As Vietnam’s population continues to urbanize and the demand for new buildings rises, it’s increasingly important to consider the built environment’s environmental, social, and economic impacts.
On a global scale, according to the United Nations, the building and construction sector accounts for 40% of worldwide energy use, 30% of energy-related carbon emissions, and almost 40% of waste. Vietnam’s rapid expansion of cities is already placing significant strains on natural resources, contributing to climate change and challenges to livability. To address these challenges and support the country’s sustainability goals, adopting more sustainable building design and construction practices is essential.
This article discusses passive design, adaptive reuse, and catalytic buildings—three ready-to-implement and innovative approaches that, if widely adopted, will transform Vietnam’s real estate sector and significantly enhance sustainability.
Passive design strategies
A study by the Vietnamese Government found that the country’s current building stock currently consumes approximately 30% of the country’s total energy—the majority used for air conditioning and lighting. One easy-to-implement approach to reduce energy use and carbon emissions, and to help transform Vietnam’s real estate sector towards greater sustainability, is by adopting passive design more widely.
Passive design strategies focus on maximizing the use of natural resources to heat and cool buildings, reducing the need for artificial heating and cooling systems. These are cheap—often not requiring any additional investment to alter orientations, incorporate shading structures and ecosystem services to help to cool buildings.
This approach also includes features such as climate-appropriate insulation and windows that retain heat in winter and block out heat in summer and incorporate green roofs and solar panels to harness natural energy sources.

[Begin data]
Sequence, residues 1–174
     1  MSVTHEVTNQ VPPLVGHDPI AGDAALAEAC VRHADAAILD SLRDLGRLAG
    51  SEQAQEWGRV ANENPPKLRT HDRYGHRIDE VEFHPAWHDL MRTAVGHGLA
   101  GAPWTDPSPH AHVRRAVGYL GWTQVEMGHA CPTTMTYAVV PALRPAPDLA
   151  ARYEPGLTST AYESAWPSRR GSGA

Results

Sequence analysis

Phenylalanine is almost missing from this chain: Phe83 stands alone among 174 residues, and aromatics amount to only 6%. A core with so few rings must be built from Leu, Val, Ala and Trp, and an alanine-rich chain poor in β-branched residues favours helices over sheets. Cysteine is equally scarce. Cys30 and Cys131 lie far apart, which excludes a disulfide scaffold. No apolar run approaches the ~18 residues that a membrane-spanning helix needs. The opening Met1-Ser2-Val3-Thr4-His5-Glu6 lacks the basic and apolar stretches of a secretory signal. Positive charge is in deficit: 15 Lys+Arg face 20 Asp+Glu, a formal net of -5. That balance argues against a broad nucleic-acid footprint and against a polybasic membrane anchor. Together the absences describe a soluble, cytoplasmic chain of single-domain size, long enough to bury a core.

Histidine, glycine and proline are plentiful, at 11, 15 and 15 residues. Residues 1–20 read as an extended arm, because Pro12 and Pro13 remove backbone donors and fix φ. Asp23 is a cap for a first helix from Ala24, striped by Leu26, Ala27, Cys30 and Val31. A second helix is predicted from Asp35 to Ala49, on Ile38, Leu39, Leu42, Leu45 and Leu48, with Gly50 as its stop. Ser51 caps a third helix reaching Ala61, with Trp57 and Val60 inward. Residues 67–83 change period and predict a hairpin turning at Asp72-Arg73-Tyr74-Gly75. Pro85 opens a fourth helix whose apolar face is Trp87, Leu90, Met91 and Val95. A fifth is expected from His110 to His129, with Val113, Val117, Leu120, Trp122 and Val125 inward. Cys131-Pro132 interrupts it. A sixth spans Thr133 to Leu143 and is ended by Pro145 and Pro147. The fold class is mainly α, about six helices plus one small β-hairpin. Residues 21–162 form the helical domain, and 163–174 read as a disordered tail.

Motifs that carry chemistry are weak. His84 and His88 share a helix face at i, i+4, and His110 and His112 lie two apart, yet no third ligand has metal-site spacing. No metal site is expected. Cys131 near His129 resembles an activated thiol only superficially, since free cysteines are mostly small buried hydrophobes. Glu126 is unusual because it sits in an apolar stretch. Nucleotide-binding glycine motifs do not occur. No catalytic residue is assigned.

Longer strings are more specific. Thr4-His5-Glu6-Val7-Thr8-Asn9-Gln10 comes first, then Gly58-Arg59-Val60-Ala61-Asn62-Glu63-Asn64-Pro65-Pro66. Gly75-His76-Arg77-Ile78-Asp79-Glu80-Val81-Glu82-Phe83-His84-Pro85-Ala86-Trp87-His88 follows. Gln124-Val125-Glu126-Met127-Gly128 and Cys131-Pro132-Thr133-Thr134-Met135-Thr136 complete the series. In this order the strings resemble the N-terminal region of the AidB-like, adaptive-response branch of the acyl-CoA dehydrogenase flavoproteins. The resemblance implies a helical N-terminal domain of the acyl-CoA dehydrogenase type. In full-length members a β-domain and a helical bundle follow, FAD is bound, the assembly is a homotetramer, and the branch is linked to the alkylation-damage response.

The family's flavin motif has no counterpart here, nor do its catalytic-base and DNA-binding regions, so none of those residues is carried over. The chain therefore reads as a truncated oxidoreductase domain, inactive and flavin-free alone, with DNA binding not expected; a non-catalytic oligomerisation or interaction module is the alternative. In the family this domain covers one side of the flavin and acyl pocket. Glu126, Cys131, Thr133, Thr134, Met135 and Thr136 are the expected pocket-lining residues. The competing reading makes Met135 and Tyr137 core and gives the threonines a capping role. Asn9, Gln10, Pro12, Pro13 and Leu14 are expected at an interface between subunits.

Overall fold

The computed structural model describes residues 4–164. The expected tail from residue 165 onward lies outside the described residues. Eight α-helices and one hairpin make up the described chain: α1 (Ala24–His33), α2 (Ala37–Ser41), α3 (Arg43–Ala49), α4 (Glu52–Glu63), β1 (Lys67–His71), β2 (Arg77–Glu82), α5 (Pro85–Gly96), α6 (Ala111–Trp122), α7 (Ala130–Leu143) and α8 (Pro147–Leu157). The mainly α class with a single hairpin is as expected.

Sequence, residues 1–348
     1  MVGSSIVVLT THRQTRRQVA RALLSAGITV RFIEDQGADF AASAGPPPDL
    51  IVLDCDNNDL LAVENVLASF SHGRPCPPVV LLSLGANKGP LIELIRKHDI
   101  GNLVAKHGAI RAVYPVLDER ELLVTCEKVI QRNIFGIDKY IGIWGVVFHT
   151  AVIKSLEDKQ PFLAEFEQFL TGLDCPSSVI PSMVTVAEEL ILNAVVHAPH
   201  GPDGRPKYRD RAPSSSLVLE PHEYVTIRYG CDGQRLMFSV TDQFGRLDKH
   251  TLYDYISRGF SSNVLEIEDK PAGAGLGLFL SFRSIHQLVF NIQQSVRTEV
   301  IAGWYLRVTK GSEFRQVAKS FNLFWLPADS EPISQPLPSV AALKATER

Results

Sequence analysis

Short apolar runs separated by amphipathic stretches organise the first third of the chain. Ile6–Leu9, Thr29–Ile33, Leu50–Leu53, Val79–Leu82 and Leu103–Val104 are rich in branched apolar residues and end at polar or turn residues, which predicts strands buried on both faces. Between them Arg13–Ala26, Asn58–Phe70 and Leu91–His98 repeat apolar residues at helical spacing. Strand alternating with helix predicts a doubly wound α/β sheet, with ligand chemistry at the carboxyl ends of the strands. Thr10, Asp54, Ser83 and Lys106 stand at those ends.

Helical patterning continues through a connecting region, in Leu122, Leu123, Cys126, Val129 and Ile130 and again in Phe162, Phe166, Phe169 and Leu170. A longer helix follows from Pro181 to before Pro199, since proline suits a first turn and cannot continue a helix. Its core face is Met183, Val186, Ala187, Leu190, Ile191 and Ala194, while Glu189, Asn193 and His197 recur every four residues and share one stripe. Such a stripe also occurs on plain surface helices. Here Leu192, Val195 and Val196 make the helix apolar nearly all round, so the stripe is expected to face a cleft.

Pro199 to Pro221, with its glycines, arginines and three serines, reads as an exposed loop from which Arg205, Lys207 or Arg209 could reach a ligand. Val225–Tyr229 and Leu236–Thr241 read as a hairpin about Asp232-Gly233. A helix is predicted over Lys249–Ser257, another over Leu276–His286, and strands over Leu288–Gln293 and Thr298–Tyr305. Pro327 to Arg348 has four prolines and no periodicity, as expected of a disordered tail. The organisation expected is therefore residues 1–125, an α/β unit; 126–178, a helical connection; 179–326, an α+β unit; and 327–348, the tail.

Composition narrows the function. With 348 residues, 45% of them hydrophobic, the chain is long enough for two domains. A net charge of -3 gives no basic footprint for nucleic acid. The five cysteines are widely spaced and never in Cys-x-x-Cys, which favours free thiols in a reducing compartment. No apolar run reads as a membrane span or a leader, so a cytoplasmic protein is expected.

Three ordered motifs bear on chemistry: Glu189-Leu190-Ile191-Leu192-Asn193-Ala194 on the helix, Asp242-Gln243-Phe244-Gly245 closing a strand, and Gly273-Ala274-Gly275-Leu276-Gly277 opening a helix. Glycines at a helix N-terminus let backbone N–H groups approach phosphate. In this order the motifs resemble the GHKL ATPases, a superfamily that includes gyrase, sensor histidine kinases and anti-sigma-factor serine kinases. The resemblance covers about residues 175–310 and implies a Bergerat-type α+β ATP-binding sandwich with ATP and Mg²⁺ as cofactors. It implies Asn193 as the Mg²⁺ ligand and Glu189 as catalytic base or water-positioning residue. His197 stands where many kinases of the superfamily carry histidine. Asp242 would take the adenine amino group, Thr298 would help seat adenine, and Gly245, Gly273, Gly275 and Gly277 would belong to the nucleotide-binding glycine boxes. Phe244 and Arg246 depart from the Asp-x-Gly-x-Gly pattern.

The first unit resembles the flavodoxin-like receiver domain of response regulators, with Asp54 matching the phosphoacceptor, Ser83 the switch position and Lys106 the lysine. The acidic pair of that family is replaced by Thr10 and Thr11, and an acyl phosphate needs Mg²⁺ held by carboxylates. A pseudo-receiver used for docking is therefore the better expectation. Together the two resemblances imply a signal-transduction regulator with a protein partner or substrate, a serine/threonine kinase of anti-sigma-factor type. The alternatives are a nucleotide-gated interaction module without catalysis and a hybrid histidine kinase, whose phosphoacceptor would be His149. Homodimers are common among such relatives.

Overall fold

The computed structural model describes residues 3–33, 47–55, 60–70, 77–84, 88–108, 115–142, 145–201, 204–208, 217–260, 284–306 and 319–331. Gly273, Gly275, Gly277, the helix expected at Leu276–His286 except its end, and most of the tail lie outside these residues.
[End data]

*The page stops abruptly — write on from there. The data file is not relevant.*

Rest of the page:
By adopting passive design strategies, Vietnam can significantly reduce its energy consumption in the building sector, decrease its reliance on fossil fuels, and significantly lower energy bills for occupants.
Another way to support the sustainability of Vietnam’s real estate sector is through adaptive reuse, involving to repurpose of existing buildings for new uses rather than tearing them down and building anew. Adaptive reuse can significantly reduce the demand for raw materials, waste generation, and embodied energy while also preserving a building’s historical and cultural value.
A leading example of adaptive reuse in the heart of HCMC is The Cocoa Project. Completed in 2022, T3 architects retained an original 1950s modernist villas form to maximize the sustainability of the current cafe and cocoa and pastry manufacturing facility. Working within the confines and modifying the existing structure allows for more natural light, whereas internal gardens and courtyards aid in cooling, and soundproofing, enhancing users’ comfort and reducing the building’s energy use. The building, along with its product and community-driven services, helps to celebrate and promote local architecture and agriculture.